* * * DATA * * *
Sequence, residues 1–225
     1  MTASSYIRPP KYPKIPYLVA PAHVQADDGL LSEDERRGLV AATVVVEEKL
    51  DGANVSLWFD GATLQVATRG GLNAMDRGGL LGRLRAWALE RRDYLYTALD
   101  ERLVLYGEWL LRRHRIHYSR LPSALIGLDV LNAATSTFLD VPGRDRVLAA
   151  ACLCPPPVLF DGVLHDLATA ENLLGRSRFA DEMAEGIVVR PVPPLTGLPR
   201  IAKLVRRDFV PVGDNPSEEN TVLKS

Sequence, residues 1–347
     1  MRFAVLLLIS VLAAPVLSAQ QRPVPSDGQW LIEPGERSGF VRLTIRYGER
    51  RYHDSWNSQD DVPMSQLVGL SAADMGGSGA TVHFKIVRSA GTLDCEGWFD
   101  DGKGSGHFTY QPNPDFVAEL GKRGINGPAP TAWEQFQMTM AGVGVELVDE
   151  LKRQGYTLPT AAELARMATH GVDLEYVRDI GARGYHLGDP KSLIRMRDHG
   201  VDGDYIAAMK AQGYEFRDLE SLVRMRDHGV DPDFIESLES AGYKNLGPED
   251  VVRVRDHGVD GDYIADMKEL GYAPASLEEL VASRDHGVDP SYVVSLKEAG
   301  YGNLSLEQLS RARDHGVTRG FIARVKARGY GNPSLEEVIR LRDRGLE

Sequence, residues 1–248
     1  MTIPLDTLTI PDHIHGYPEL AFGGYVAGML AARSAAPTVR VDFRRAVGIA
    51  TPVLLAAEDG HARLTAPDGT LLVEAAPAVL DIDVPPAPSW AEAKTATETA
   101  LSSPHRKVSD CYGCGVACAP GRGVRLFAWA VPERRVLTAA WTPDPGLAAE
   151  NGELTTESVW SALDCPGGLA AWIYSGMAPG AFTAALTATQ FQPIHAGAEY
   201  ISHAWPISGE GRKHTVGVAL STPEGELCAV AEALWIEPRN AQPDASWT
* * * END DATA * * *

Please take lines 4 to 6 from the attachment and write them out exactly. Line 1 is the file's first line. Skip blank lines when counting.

   101  ERLVLYGEWL LRRHRIHYSR LPSALIGLDV LNAATSTFLD VPGRDRVLAA
   151  ACLCPPPVLF DGVLHDLATA ENLLGRSRFA DEMAEGIVVR PVPPLTGLPR
   201  IAKLVRRDFV PVGDNPSEEN TVLKS